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Joust-Abouts : Good Knights in Stout Armor Hammer Away With Sword and Mace, Cheered on by Ladies Fair, in Pageants That Take Them Back Hundreds of Years to Their Chosen Time--the Middle Ages

June 24, 1988|PATRICK MOTT | Los Angeles Times

It was like a staged train wreck at a county fair, or at least that is the way it sounded. There was more creaking and clanking and crashing and bashing and rending of metal than the Afrika Korps produced on its worst day.

It was Armageddon at the picnic grounds, with nearly 180 armored warriors crashing into each other, screaming like banshees, piling up in a deafening heap of flailing broadswords and pikes and axes and swirling dust. Five miles away in the Mexican border town of Tecate, they must have thought the conquistadores had returned.

And it all would have been pretty horrible, too, if it was not so . . . polite .

But that is the formula for a weekend with the folks from the Society for Creative Anachronism: When you are not being courtly, chivalrous, mannerly and scholarly, you are whaling the tar out of each other with big sticks. The idea of the society is for its members to periodically re-create, as accurately as possible, life in the Middle Ages. And, for a few hundred Southern Californians and others who gathered recently at Potrero Regional Park in San Diego County, that meant a little singing, a little dancing, a little revelry and a little war.

About two dozen of the nearly 100 Orange County residents who make up the Barony of Gyldenholt--the official name of the Orange County chapter of the society--showed up dressed to the nines, medieval style. They brought with them their own custom-made tents (they call them pavilions), their own authentically reconstructed armor and, as a reluctant concession to what they call the "mundane" world, Coleman stoves.

Members of the society refer to such a weekend as a war, but it is really a showcase for everything the society holds dear: a gathering of the court, displaying of homemade crafts and other wares, an opportunity to sing songs, tell tales, quaff a goblet, catch up with old friends, show off your newest lordly finery, and maybe storm a castle or two.

The Orange County chapter will be at it again Saturday from 10 a.m. to 6 p.m. at Boysen Park in Anaheim, as part of its yearly anniversary tournament. Free to the public, the tournament will feature an opening and closing meeting of the court, medieval displays, costumes and demonstrations of single combat.

That sort of thing has been going on in Orange County's Barony of Gyldenholt since the chapter was organized 10 years ago, starting as kind of an offshoot of a chapter begun in 1971 at San Diego State. The society itself came into being in 1965 at UC Berkeley, the creation of a group of students who were fascinated with medieval life, history and culture, and wanted to get together occasionally to dress and act the part and slip back into the time of the Crusades with all the trimmings.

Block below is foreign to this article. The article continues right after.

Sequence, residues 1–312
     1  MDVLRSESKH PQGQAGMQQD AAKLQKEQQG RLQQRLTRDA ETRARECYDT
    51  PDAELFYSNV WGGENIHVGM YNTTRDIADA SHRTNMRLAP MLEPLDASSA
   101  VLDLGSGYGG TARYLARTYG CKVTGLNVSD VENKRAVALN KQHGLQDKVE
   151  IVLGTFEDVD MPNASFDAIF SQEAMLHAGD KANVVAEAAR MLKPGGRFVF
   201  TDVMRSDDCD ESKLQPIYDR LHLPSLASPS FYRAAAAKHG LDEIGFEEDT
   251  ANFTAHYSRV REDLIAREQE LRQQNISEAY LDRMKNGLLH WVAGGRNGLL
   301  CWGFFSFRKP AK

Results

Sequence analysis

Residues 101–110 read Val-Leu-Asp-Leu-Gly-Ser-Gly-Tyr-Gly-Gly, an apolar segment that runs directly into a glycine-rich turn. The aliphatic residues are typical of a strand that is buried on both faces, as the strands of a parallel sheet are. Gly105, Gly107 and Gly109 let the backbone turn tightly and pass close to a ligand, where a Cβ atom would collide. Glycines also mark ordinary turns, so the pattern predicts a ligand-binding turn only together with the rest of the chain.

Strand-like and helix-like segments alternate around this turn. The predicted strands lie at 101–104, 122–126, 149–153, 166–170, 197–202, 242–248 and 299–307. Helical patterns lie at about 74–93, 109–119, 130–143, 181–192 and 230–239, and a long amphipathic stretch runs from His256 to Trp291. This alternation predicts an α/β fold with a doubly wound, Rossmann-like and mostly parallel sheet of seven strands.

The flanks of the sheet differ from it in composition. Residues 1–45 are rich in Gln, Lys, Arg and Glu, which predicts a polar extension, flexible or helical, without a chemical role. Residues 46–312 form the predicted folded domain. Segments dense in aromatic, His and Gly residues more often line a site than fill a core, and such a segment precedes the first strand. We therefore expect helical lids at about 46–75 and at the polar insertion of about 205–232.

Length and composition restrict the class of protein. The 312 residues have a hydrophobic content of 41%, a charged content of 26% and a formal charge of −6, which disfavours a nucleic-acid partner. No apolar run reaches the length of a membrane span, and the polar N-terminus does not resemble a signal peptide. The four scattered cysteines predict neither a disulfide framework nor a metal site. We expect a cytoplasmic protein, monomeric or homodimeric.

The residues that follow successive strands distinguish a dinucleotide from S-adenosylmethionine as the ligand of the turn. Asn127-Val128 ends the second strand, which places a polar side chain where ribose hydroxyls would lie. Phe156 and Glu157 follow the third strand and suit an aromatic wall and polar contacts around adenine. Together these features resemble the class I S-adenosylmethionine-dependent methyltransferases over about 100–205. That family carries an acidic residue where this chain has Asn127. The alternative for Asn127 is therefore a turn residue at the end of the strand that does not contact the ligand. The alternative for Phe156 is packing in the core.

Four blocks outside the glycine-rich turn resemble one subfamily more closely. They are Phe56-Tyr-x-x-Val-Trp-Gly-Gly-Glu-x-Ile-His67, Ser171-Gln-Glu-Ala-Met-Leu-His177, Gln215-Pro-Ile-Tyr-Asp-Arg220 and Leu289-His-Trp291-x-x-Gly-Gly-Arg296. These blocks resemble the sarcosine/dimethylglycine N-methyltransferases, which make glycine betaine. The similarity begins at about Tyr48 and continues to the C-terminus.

Actually, members of the society have a fairly broad historical period with which to identify themselves, roughly from 1000 to 1650. While many of the members opt for identification with the time of Richard the Lionhearted, and fashion their costumes accordingly, others decide to portray late period Vikings or Elizabethan courtiers.

The organization of the society is based on the feudal hierarchy of the Middle Ages. A nonprofit, worldwide organization, it is divided into regional "kingdoms" in the United States (the kingdom of Caid includes Southern California), baronies such as Gyldenholt and occasionally smaller divisions called shires and families. Officers in the society carry medieval titles (king, queen, baron, duke or knight) and every man and woman bears the title of lord or lady.

Members also take for themselves medieval names and coats of arms, which must be approved by a council that rules on their authenticity. At society gatherings, they leave their real--or "mundane"--names at home. Some members say that occasionally they actually forget the true names of their associates.

Members are quick to point out that the society has no religious or cult affiliations. Rather, they say, it is a unique group of people with a common fascination for nearly anything to do with the Middle Ages, from weaving to cooking to music, literature and history, and to heavily researched battle skills.

"My wife and I got involved in this about two years ago," said Ken Turlis, a maker of stained glass from Garden Grove. "And this is just our life now. There's something going on every weekend in Orange County. My wife got involved in the lace-making guild, and I'm in the stained-glass guild. I love it, but I don't get involved in the war. I'm not a fighter, I'm a wuss."

Which means that Turlis doesn't show up each Sunday at Mile Square Park in Fountain Valley for the weekly clinic in the fighting arts. It is there that the barony's best fighters gather to work on their techniques with broadsword, battle ax, pike and mace.

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